Fermat's last theorem

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Fer·mat's last theorem

 (fĕr-mäz′)
n.
The theorem that the equation an + bn = cn has no solutions in positive integers a, b, c if n is an integer greater than 2. It was stated as a marginal note by Pierre de Fermat around 1630 and not proved until 1994 by the British mathematician Andrew Wiles (born 1953).
American Heritage® Dictionary of the English Language, Fifth Edition. Copyright © 2016 by Houghton Mifflin Harcourt Publishing Company. Published by Houghton Mifflin Harcourt Publishing Company. All rights reserved.

Fermat's last theorem

(fɜːˈmæts)
n
(Mathematics) (in number theory) the hypothesis that the equation xn + yn = zn has no integral solutions for n greater than two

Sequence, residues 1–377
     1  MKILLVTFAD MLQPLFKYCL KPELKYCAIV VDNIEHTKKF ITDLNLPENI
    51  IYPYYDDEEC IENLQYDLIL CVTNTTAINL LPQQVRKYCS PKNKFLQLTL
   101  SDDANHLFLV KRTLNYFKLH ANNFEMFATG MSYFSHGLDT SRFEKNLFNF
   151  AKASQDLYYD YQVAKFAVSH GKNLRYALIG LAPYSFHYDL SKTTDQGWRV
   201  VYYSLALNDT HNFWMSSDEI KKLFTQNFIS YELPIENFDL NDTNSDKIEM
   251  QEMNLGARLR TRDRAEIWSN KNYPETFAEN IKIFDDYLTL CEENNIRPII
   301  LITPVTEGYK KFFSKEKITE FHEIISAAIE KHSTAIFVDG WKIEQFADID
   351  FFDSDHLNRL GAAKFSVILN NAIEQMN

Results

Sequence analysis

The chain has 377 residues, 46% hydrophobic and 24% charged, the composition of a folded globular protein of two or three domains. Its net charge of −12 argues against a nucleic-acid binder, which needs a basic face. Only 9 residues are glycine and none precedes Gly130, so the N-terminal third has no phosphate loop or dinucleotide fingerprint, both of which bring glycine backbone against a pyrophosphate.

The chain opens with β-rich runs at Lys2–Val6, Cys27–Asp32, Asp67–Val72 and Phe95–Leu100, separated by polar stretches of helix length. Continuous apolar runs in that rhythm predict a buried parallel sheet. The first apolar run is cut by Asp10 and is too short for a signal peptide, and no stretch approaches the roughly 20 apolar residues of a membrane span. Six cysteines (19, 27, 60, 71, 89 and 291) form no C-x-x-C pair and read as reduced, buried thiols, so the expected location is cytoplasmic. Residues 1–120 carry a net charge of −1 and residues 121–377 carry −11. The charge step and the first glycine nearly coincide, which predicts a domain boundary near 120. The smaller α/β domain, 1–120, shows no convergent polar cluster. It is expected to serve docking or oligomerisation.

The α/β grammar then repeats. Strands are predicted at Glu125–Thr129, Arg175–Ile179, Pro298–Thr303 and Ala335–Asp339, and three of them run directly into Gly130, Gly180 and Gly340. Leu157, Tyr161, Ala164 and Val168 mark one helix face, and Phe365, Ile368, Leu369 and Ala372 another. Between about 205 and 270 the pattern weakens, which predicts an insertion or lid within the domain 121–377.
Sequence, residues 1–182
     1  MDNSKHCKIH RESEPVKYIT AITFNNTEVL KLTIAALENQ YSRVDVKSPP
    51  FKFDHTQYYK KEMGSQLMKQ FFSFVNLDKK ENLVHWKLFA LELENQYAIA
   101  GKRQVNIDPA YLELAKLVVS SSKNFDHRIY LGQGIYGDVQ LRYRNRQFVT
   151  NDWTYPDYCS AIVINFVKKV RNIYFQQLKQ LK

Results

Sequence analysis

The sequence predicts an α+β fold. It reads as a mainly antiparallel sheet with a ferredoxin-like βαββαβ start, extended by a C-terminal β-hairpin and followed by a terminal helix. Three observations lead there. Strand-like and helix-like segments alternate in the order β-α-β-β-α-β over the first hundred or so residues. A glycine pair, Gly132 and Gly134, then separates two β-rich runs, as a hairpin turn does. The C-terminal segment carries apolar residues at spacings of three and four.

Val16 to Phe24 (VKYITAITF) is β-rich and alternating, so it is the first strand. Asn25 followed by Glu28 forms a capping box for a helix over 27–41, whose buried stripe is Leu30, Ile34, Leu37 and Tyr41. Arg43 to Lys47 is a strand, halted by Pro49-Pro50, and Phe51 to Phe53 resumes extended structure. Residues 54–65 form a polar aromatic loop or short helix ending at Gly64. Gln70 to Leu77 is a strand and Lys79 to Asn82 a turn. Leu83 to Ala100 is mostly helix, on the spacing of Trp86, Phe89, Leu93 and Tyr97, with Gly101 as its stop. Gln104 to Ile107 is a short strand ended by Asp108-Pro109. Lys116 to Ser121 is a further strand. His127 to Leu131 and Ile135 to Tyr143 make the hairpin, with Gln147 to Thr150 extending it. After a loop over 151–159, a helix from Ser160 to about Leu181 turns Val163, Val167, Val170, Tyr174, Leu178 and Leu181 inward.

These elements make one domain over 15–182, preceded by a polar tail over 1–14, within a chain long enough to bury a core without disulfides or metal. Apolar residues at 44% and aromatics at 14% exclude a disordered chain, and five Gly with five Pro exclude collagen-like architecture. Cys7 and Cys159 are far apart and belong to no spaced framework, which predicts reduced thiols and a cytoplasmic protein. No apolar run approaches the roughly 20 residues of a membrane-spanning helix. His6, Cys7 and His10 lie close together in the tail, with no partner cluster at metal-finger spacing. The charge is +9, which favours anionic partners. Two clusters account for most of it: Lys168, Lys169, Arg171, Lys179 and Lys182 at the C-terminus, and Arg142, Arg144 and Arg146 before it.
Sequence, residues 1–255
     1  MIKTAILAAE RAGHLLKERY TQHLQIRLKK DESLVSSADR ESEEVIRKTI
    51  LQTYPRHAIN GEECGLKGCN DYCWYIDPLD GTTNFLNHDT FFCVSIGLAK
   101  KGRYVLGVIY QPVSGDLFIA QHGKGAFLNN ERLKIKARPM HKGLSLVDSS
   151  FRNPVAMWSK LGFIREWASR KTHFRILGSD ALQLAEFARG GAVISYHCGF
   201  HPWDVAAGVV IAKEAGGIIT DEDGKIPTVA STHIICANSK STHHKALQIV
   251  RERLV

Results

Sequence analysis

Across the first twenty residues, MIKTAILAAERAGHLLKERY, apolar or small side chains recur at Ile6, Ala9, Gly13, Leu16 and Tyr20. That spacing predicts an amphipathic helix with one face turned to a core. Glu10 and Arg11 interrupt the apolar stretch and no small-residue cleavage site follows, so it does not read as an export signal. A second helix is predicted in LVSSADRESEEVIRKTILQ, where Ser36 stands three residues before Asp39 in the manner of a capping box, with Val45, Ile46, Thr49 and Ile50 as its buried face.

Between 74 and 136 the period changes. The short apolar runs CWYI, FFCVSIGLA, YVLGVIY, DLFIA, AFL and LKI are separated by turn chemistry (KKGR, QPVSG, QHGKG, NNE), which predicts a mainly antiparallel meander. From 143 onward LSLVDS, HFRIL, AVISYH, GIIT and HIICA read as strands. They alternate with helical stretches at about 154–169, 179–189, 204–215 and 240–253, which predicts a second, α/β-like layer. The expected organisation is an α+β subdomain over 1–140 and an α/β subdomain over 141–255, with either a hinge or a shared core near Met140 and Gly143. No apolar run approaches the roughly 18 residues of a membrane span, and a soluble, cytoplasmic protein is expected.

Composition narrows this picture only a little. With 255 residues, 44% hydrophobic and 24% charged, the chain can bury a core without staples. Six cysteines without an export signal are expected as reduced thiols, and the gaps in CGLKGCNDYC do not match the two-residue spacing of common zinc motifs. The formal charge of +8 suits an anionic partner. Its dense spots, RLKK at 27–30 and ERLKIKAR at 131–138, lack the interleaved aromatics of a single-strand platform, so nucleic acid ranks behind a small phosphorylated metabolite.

Collins English Dictionary – Complete and Unabridged, 12th Edition 2014 © HarperCollins Publishers 1991, 1994, 1998, 2000, 2003, 2006, 2007, 2009, 2011, 2014

Fer·mat's last theorem

(fĕr-mäz′)
A theorem stating that the equation an + bn = cn has no solution if a, b, and c are positive integers and if n is an integer greater than 2. The theorem was first stated by the French mathematician Pierre de Fermat around 1630, but not proved until 1994.
The American Heritage® Student Science Dictionary, Second Edition. Copyright © 2014 by Houghton Mifflin Harcourt Publishing Company. Published by Houghton Mifflin Harcourt Publishing Company. All rights reserved.
References in periodicals archive ?
He gives as examples some of the seminal ideas that arose in this manner, such as the resolution of the most famous mathematical problem of all time, the Fermat conjecture. Next, he takes a philosophical look at mathematics, pondering the ambiguity that he believes lies at its heart.